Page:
The separation theorem provides a very general solution to the point-to-point lossy source-channel communication problem by equating the rate-distortion function of the source with the capacity-cost function of the channel. It is well-known that this principle does not extend to networks in general. We discuss this issue, and propose a different approach that we call "measure-matching". For a particular Gaussian source-channel network example (inspired by a sensor network situation), we show that the minimum distortion for the optimal source code followed by the optimal channel code decreases like 1/log M, where M is the number of nodes in the network. In contrast, there is a measure-matching scheme whose distortion decreases like 1/M, which we show to be the optimum. Joint work with Martin Vetterli.

We investigate the structure of network coding problems and their solutions. In particular, the connection between network coding and state space realizations of beheviors of linear systems is addressed. This connection reveals interesting parallels between the problems and we can employ theorems from either area in both contexts.

How much information can wireless networks transport? How should they be operated? We determine the scaling laws for the traffic carrying capacity of such networks, and the information theoretically order optimal mode of operating operation. Joint work with L-L. Xie.

We address the problem of generating common randomness by an arbitrary number of terminals with correlated observations. Applications include coding in certain communication situations and encrypted communication in cryptography. In particular, we consider the problem of characterizing the secret key (SK)-capacity for an arbitrary number of terminals, each of which observes a distinct component of a set of correlated signals, with unconstrained public communication allowed between these terminals. Our main result is the determination of SK-capacity for an arbitrary subset of terminals with the remaining terminals serving as ``helpers," when an eavesdropper observes the communication between the terminals but does not have access to any other information. We also investigate the private key (PK)-capacity when the eavesdropper additionally wiretaps some of the helper terminals from which too the key must then be concealed. Joint work with Imre Csiszar.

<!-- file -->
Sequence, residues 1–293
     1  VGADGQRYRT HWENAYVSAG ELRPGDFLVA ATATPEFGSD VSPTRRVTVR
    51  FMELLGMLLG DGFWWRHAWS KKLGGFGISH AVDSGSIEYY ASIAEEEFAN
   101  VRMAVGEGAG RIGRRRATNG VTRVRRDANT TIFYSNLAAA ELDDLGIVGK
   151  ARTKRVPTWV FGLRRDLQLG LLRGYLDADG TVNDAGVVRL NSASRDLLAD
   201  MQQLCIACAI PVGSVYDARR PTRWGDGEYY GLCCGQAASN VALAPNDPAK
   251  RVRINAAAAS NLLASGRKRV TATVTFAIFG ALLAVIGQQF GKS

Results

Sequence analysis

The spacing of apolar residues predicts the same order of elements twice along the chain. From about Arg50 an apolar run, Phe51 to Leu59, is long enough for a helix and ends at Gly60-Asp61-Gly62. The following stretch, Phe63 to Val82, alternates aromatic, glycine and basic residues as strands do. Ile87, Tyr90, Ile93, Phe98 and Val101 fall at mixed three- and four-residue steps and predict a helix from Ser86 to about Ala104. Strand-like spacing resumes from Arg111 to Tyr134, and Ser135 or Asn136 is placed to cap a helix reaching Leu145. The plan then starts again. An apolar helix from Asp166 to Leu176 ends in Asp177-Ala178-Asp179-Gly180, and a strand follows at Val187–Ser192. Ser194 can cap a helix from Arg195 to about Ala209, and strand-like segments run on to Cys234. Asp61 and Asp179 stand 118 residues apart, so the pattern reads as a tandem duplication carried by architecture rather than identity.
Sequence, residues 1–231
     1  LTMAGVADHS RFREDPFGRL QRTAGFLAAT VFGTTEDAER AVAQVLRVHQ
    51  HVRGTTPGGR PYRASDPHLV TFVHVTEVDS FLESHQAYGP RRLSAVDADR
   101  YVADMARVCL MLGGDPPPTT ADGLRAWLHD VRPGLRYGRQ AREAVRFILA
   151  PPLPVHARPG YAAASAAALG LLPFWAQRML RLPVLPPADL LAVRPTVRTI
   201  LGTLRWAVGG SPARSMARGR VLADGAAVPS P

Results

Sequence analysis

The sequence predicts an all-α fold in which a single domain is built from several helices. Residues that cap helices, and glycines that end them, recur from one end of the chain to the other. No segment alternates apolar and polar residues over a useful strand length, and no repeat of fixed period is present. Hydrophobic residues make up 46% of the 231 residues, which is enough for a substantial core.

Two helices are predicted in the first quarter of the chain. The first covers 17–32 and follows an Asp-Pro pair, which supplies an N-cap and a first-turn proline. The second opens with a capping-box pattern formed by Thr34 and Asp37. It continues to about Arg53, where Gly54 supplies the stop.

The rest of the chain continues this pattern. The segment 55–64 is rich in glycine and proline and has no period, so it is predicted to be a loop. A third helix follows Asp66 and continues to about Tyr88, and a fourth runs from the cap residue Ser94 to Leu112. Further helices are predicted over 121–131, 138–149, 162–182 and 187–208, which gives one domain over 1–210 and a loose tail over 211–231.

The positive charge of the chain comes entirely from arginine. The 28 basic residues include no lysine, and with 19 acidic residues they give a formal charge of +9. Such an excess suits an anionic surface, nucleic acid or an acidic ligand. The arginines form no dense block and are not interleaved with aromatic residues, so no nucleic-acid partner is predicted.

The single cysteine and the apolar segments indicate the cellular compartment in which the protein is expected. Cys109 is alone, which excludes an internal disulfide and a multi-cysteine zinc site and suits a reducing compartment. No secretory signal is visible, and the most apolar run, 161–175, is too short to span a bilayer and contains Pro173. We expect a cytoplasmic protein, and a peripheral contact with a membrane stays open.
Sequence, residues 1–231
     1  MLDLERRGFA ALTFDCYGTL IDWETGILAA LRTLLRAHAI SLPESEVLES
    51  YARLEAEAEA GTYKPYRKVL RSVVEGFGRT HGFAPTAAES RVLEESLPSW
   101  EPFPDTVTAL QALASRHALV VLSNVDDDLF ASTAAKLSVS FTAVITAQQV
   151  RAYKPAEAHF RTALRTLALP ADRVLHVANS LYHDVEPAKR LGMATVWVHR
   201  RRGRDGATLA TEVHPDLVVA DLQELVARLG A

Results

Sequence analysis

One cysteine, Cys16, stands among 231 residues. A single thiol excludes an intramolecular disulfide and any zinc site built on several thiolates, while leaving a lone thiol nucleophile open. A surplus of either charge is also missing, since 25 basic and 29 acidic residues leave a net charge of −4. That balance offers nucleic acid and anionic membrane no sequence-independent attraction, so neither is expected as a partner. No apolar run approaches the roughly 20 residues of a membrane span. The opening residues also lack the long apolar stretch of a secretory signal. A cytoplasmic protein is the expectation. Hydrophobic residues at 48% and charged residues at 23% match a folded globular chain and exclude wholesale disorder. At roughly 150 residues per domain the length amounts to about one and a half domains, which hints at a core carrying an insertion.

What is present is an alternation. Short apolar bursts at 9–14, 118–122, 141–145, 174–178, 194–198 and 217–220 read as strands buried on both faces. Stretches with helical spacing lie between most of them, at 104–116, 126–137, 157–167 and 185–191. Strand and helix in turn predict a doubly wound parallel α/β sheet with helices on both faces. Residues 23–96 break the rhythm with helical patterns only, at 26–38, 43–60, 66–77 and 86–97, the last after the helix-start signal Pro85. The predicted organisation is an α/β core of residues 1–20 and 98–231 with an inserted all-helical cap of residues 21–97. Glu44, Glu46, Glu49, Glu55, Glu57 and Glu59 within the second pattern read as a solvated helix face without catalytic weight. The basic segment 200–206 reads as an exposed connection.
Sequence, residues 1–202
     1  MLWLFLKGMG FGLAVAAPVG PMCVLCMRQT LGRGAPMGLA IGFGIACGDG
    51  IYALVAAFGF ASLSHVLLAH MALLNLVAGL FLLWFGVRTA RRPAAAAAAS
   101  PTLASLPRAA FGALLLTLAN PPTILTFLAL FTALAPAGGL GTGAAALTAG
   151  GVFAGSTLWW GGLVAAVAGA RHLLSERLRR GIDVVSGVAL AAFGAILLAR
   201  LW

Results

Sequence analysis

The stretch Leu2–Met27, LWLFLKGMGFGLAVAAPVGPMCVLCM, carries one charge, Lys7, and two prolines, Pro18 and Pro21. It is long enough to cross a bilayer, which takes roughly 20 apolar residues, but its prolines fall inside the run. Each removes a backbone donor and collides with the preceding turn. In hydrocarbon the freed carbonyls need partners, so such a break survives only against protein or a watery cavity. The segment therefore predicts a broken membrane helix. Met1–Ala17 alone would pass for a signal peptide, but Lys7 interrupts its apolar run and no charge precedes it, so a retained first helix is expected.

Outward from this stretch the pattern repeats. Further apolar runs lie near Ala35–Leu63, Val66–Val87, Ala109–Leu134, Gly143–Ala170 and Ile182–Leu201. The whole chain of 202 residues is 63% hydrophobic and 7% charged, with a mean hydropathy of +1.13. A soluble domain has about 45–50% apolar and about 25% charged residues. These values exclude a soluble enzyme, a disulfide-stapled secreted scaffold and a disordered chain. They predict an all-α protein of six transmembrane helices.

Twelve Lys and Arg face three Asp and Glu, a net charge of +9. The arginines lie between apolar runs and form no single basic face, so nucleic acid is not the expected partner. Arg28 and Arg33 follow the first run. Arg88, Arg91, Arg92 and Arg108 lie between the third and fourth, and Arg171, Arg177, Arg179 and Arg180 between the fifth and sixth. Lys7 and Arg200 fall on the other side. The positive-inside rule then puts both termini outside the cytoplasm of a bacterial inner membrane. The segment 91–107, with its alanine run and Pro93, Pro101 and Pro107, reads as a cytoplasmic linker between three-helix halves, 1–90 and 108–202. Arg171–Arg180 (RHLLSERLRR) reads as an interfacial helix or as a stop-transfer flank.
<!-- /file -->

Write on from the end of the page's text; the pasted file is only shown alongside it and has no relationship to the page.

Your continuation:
Duality in multi-user source and channel coding problems is considered. We provide a generalization of our earlier work on duality in source and channel coding with side information to more general case of multi-terminal problems with limited collaboration among the terminals.

Concurrency is a fundamental concept in computer science which is concerned with the study of systems involving multiple processes. The order of events in such a system is unpredictable because of the independence of events occurring in the individual processes. Trace theory is a successful model for the execution of concurrent processes which employs congruence classes of words over partially commutative alphabets. We consider a rate distortion problem in which the objective is to reproduce a string which is equivalent to the original string.

We consider the problem of reachback communication in wireless sensor networks: in this problem, multiple sensors are deployed on a field, and they collect local measurements of some random process which then need to be encoded and reproduced at a remote location. In this talk we present capacity results on one particular instance of this problem, in which sensors cooperate in the form of eliminating interference in channel access (e.g., by means of perfect time or frequency division). This assumption leads to a model in which correlated sources are to be encoded separately, and transmitted over an array of independent channels. And for this setup, we obtain the following results: - First, we give an exact characterization of the joint source/channel capacity region, i.e., we give conditions on the sources and the channels under which reliable communication is possible in this context. These conditions generalize in a very meaningful way the condition that ${\cal H}(X) < C$ (entropy of a source less than channel capacity) for point-to-point channels, and surprisingly, give a separation theorem for this problem as well---we know of no other network information theory problem for which source and channel separation holds. - Then, we show how the classical multiterminal source coding problem arises as a natural rate/distortion generalization of our problem above. And in this case, we develop a new coding strategy. A key feature of our codes is that they work for a large family of auxiliary random variables $(W,Z)$ satisfying only two short Markov chain conditions ($W-U-V$ and $U-V-Z$), but not the more restrictive long chain condition $W-U-V-Z$ typical of all previously known codes. If time permits, we will talk briefly about other aspects of the design of a distributed transmitter currently under development at Cornell. Joint work with Joao Barros, An-swol Hu, Christina Peraki.